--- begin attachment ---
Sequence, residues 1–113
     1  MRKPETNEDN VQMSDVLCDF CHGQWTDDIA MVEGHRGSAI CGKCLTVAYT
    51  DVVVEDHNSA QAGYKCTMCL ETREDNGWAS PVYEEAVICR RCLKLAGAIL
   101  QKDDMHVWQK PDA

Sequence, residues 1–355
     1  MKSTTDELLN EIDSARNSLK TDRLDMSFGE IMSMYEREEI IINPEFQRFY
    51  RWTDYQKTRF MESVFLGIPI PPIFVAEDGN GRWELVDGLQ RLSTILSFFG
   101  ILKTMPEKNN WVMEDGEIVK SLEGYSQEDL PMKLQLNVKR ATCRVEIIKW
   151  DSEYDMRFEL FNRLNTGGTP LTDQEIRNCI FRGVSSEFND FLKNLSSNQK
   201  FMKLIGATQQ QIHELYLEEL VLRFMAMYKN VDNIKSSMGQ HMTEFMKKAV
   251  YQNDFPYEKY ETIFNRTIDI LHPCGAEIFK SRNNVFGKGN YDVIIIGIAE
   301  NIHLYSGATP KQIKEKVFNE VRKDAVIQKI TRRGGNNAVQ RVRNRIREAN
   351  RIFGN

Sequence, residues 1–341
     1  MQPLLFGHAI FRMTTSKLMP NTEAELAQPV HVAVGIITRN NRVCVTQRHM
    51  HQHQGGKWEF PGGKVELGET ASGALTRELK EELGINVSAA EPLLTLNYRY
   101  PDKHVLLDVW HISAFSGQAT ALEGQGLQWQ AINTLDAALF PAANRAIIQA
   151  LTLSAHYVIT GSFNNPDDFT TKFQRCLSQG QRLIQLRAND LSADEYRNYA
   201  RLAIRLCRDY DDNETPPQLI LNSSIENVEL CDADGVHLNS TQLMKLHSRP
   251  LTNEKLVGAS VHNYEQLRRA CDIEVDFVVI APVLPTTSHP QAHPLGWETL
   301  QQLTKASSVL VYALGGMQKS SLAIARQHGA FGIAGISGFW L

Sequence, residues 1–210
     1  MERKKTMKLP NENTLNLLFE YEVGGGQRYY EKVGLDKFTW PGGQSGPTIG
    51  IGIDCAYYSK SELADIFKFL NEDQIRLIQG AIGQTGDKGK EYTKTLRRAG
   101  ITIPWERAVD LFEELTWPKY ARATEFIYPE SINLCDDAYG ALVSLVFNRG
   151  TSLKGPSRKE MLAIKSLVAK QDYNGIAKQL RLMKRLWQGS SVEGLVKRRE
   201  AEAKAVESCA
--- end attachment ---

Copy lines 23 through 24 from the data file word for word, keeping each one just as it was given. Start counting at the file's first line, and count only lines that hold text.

     1  MERKKTMKLP NENTLNLLFE YEVGGGQRYY EKVGLDKFTW PGGQSGPTIG
    51  IGIDCAYYSK SELADIFKFL NEDQIRLIQG AIGQTGDKGK EYTKTLRRAG